Much debate on Mastodon focuses on the utility of content warnings, in part because of federation. What if something you post on instance of Mastodon is something that violates terms of use on another host? What if it's still protected by the stricter copyright laws of another country, where some of your followers are hosted? As with any online community, individual hosts are trying to parse these thorny questions without the infinite cash and enormous legal representation that lets Facebook essentially make its own laws.

The Esperanto solution: Will federation actually fix social media?

The most obvious problem with the brave new world of federated and distributed networks was articulated years ago by Randall Munroe in his prescient webcomic xkcd. In “Situation,” Munroe writes: “There are 14 competing standards.” “14?!” one stick figure says. “That's ridiculous! We need to develop one universal standard that covers everyone's use cases.” “Situation,” reads the final panel: “There are 15 competing standards.”

xkcd no. 927

Think of these groups as miniature governments competing with one another for land rights and trying to attract talented people to their region without ceding too much power to those newcomers. On the one hand, ActivityPub partisans are annoyed that AT Protocol's developers didn't try to work within the existing community of ActivityPub contributors to improve the existing standard.

On the other hand, AT Protocol's FAQ blames the disjunct on a fundamental disagreement about what a universal protocol ought to look like. This might look like petty squabbling between tech geeks who want to boss each other around — and it's probably more than a little bit of that — but given the growing mass of dissatisfied netizens, there's now a huge opportunity to build (or reacquire) a user base that is drifting ambiently around between platforms.  New protocols and services may not ultimately capture this wandering audience, but their development can allow communities to build their own digital habitats. 

That brings us to monetization, which in many cases just means advertising. Instead of charging users a subscription fee for access, Bluesky will almost certainly incorporate advertising at some point and try to carve off some of Twitter's declining share. Even in its heyday, Twitter was a great place to distribute content, but a rocky place to advertise — unless you were trying to reach the venture capitalists with deep pockets who hung out there.*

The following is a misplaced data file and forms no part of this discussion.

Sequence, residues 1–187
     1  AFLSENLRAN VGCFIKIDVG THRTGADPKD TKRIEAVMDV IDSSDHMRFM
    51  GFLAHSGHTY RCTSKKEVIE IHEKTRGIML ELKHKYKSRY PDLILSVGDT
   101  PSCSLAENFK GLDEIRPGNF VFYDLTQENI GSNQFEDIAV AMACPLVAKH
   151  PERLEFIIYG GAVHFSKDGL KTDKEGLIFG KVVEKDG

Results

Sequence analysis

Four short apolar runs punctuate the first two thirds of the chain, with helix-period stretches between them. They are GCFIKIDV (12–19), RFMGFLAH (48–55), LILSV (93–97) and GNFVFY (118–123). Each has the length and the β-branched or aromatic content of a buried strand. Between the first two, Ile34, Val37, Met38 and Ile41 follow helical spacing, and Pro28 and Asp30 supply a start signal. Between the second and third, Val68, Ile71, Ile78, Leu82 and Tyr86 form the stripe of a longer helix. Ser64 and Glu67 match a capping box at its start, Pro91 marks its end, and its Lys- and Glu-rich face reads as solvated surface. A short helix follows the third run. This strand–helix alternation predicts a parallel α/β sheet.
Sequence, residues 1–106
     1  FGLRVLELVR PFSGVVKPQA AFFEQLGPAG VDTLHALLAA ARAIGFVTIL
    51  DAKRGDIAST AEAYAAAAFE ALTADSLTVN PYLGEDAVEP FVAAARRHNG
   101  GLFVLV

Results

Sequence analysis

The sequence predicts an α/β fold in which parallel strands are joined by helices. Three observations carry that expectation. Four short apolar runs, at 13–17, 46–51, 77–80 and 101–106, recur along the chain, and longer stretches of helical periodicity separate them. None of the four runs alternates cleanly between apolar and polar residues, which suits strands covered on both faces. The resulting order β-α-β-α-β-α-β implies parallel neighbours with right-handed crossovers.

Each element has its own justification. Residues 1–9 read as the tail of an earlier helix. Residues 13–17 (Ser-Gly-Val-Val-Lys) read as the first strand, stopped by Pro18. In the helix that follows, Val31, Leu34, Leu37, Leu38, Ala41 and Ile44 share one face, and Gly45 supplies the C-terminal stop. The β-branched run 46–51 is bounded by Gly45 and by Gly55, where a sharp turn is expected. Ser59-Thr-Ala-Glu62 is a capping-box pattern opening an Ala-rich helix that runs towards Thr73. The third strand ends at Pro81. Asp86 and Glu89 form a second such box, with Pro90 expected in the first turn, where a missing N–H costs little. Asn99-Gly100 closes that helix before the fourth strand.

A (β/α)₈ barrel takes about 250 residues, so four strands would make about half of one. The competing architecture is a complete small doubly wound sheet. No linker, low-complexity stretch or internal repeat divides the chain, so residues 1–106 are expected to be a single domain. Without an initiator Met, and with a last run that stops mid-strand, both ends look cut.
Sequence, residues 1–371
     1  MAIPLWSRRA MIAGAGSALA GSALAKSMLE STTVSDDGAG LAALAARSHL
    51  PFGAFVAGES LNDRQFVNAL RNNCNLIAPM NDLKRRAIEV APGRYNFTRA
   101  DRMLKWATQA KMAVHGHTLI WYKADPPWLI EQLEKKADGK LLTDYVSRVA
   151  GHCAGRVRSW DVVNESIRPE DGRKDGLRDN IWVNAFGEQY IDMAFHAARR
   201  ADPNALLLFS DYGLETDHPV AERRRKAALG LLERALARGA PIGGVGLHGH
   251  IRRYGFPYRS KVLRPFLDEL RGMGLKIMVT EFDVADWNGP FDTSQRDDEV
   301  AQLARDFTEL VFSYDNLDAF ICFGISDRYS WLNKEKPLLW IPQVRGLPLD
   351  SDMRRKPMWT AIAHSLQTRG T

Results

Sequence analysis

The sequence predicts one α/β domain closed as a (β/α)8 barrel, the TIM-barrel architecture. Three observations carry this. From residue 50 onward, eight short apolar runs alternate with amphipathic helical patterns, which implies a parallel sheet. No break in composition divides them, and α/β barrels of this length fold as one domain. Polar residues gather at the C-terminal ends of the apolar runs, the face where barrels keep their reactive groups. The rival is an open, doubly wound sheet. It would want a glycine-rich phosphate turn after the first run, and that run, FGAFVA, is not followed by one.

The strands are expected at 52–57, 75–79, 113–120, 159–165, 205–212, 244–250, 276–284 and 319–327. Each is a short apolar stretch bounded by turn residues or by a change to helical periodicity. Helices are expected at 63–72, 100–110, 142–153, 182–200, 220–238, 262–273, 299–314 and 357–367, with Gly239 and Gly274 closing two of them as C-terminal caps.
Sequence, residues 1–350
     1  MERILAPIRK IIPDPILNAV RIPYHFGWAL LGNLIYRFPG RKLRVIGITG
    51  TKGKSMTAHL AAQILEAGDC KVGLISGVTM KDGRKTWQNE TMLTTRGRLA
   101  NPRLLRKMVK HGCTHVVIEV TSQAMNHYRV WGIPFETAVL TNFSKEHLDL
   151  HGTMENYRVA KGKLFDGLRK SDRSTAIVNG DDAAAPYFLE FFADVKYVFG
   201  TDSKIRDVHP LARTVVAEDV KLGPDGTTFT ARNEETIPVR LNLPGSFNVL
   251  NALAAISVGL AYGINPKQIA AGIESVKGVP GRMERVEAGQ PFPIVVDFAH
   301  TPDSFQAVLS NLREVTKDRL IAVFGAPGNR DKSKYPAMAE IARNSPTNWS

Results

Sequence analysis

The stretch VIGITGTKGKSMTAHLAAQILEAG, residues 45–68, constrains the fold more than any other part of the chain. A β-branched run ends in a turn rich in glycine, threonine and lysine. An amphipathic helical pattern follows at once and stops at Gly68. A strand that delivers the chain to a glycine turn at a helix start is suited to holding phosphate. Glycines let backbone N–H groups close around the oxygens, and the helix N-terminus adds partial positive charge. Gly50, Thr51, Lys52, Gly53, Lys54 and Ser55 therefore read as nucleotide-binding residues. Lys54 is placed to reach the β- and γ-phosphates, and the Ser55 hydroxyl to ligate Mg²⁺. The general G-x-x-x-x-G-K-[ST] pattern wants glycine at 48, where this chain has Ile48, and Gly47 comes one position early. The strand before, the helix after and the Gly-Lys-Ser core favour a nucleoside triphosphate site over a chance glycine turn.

As silly as the debate over competing standards may seem, the dream is an inspiring one. Imagine a world where nobody has to deal with the headache of monitoring a community of users that numbers in the tens of millions, where the communities themselves have scaled down to a more manageable level and can speak to one another. 

AT Protocol and ActivityPub aspire to be trade languages, and the individual social networks they create become digital communities. It's important to recognize that these protocols aren’t blank slates and that financial and social incentives are at play in their development. 

But they represent a way for people to curate smaller, more manageable communities. There are things Mastodon can't — or won't — do, and long discussions about whether or not it ought to do those things. But it is designed to be customizable, and if you want a feature for your particular instance, you can make the case before the Council of Federated Nerds.

*How advertising would play out across a federated network is unclear. Would Bluesky act as Google does with the larger web, monopolizing attention while taking a cut from both publishers and advertisers who use its ad networks? I have many questions.

Against compression: Viewing social media assets in full resolution

Organizations may find significant advantages to the brave new world of decentralized social media. Chief among those advantages is the opportunity to start networks of your own, either single-handedly or in consortium with like-minded businesses. A museum could start a photo-sharing instance on AT Protocol or ActivityPub that satisfies license requirements for the display of its paintings and sculptures; it could also host uncompressed photos of its works to highlight the difference between paintings and digital art.

And that museum's federated social network instance could also integrate content in its feed featuring newer work from contemporary artists hosted on other instances, as long as they follow the same licensing and quality protocols. This interoperability between hosts is a key feature of federated social: Hosts can make their own rules and only integrate content from other hosts that also follow those quality control rules.

Currently, the state of compressed media on global social networks remains abysmal, since mass social networks prioritize audience growth and engagement over content quality. Twitter and Facebook crush digital images down to manageable formats. Flickr is one of the few services that retains them at their original resolution with licensing settings, but those Creative Commons licenses are more like guidelines and don't protect professional photographers from having a quick right-click-save-repost-wtihout-credit by unscrupulous internet publishers. 

But compression settings can be changed on individual Mastodon instances to allow for larger or smaller images, and, potentially, the addition of enforceable licensing agreements.* The alt-text function could include valuable information about the work and the artist, like a museum didactic. Requests for reproduction licenses could list the url of the Mastodon instance hosted locally, making it part of the museum's own suite of software, but remain accessible to other Mastodon users within their own instances.